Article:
We are so busy in our modern lives. In an era that has ushered in the age of internet we can see how getting more done in less time does not translate to more spare time – because we always have more to do! While this is a valid and relatable struggle for many of us, dentists often observe the implications of putting off regular checkups and cleanings in lieu of other important activities and we’re here to tell you that the risks of putting it off outweigh the short- term benefit.
If you are holding off your dental appointments due to fear, let us reiterate that it’s likely not worth it. The truth is, even people who have excellent diet and oral hygiene habits can face real consequences as a result of putting off their checkups. The consequences usually come in the form of needing to spend more time and money at the dentist’s office than would have been necessary with regular maintenance. Here are some concerns to consider when you decide to skip the trip.
Cavities Become Root Canals
Putting off trips to the dentist for routine maintenance can turn small problems into big ones. Preventative maintenance is offered on a recommended schedule that is designed to ensure the preventative approach to your oral health. Cavities that have started to form can be identified and addressed early in their formation to avoid their progression. Cavities that are not seen by a dentist and not visible to patients can often progress to the point that the decay involves infection of the tooth’s pulp. This involves pain, antibiotics and root canal therapy to remedy. While root canals are common and can be well tolerated with local anesthetic, a root canal effectively kills a tooth. That is, it removes the inner pulp and nerve tissue of the tooth and replaces it with a substance called gutta percha before being sealed. This allows a tooth that would otherwise require extraction to remain in the mouth. If you have the choice between a small filling and a large filling that requires a crown or root canal therapy, we think that you should pick small cavity every time.
Gingivitis and Gum Disease
Did you know that gum disease is the leading cause of tooth loss in adults today? That’s right, despite all that we know about our oral health and how to manage it effectively, gum disease can creep up and develop slowly in the mouth leaving you to think that everything is going just fine – until it’s not.
Since everyone has a certain amount of naturally occurring bacteria in the mouth, it is reasonable to expect that routine cleaning should be a requirement in order to avoid the risks associated with gingivitis or periodontitis. If your gums are bleeding when you floss them, it is a sign that it should be done more – not less. This bleeding is your gum’s way of telling you that they are angry and irritated by the plaque and bacteria that has infiltrated the tissue surrounding the tooth. Left long enough, this plaque hardens into tartar and continues to assault the enamel and soft tissues until it can be professionally removed by a hygienist who is trained not to harm your enamel.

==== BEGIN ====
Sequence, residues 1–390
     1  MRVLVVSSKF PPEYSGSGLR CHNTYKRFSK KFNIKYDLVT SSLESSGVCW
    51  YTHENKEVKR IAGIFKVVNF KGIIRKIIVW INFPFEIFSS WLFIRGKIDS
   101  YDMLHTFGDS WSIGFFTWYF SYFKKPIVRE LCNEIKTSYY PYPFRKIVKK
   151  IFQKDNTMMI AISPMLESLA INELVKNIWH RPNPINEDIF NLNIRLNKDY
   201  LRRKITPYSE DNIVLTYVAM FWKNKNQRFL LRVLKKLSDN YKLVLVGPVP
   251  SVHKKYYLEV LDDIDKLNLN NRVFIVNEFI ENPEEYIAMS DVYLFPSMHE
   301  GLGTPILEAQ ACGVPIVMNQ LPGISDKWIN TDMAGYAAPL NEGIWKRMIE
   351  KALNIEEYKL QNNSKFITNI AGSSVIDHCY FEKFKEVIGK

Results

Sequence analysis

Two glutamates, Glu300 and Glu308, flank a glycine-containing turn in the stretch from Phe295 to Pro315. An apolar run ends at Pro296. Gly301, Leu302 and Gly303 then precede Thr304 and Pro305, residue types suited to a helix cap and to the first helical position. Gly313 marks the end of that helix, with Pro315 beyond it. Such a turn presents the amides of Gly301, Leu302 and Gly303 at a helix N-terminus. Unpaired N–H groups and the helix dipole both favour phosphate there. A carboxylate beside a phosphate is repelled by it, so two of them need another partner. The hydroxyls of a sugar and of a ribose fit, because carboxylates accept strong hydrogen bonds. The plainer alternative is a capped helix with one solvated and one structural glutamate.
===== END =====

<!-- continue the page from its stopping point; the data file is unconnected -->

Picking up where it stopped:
Once again, leaving plaque and tartar to proliferate in the mouth can lead to bad breath, discoloured teeth or worse… loosening of the teeth from their sockets. This condition can require surgery to treat and is quite possible for most patients to avoid with regular daily maintenance and cleaning along with periodic professional cleaning.
Dentigerous Cysts and Impactions
Did you know that modern digital X-rays are very low in radiation? So low, in fact, that having them done annually is a no-brainer. The reason for this is to certify that the condition of the tissues below the gumline are healthy, and to intervene while concerns are in their early developmental stages, if identified. Examples of these include cysts and impactions that can be asymptomatic until it’s too late.
Dentigerous cysts can form far beneath the gum line and often have no symptoms until they are large enough to have impacted the bone tissue that surrounds them. These small cysts are balloon-like and gradually expand to accommodate the fluid that accumulates within them. These cysts can erode tooth roots and bone in the adjacent teeth and jaw tissues if left untreated.
Do you know where your wisdom teeth are? Many people do not. Those of us who have had our wisdom teeth removed can rest in the knowing that they are not at risk of developing an impacted wisdom tooth, but without an X-ray there is no way to tell. Impacted wisdom teeth can present in many ways, some of which can do harm to neighbouring structures in the same way that dentigerous cysts can. Your best bet is a minimum of an annual checkup with your dentist to assess the status of the structures that impact the healthy function of all of your teeth.